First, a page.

HC Deb 05 June 1934 vol 290 cc730-1
10. Mr. PIKE

asked the President of the Board of Trade if, in view of the adverse position of our trade with Spain, it is the intention of the Government to open negotiations for a new commercial treaty with that country?


The possibility of initiating commercial negotiations with Spain is being borne in mind, but I cannot at present say at what date it may be possible to reach a decision.


Is the right hon. Gentleman satisfied that the Government of Spain are desirous of opening negotiations with this country with a view to arriving at a new commercial agreement?


I am afraid that I can express no opinion upon that point.

8. Mr. PIKE (for Mr. STOURTON)

asked the President of the Board of Trade whether he has induced the Spanish Government to remedy certain exchange restrictions and to reduce the gold surcharge increases of the duties upon British exports to Spain; is he aware that most-favoured-nation arrangements confer no benefits upon British trade with Spain; and will he take steps to delete most-favoured-nation clauses in Anglo-Spanish trade agreements?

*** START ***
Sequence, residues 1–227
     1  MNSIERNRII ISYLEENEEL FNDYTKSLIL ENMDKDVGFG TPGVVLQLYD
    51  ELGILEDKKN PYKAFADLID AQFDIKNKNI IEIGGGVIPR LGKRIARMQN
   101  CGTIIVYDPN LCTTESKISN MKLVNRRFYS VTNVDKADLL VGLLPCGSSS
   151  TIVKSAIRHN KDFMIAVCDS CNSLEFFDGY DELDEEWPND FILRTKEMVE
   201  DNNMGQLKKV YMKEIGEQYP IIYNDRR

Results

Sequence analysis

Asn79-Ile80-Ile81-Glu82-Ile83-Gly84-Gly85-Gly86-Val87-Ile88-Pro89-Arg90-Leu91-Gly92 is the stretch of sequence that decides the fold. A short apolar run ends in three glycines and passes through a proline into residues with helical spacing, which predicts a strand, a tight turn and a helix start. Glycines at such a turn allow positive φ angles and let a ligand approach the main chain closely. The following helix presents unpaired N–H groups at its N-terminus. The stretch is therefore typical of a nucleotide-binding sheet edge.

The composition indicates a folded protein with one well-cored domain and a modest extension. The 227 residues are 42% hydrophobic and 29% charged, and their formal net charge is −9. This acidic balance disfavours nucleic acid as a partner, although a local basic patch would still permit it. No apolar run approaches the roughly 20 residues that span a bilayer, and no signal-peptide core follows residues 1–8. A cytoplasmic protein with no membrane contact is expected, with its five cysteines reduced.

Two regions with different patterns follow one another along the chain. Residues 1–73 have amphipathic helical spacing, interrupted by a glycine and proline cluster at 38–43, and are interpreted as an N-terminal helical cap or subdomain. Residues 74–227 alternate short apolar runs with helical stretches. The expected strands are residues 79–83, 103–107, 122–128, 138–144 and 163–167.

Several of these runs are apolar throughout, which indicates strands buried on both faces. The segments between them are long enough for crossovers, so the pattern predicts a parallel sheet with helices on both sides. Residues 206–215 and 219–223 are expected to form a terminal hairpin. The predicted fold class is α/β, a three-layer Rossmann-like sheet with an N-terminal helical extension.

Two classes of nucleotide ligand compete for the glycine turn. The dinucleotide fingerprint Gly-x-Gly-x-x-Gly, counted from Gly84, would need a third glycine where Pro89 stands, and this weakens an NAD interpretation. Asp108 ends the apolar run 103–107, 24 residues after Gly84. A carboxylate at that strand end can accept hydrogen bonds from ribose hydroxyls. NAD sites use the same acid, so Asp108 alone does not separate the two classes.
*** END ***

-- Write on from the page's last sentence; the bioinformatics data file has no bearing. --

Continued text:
Exchange control in Spain has not in the past led to any serious difficulties. Certain recent changes have, however, been made in procedure which appear to have led to delays in settlement, and the matter is being investigated. The gold surcharge on Spanish duties is applied to imports from all countries, and no request has been made by His Majesty's Government for a reduction. As regards the second and third parts of the question, I am unable to agree with my hon. Friend that the most-favoured-nation clause in our Treaty with Spain secures no benefit for our trade. In fact in many cases the duties levied in Spain on goods from countries not possessing treaty rights are much higher than those we enjoy by virtue of the clause.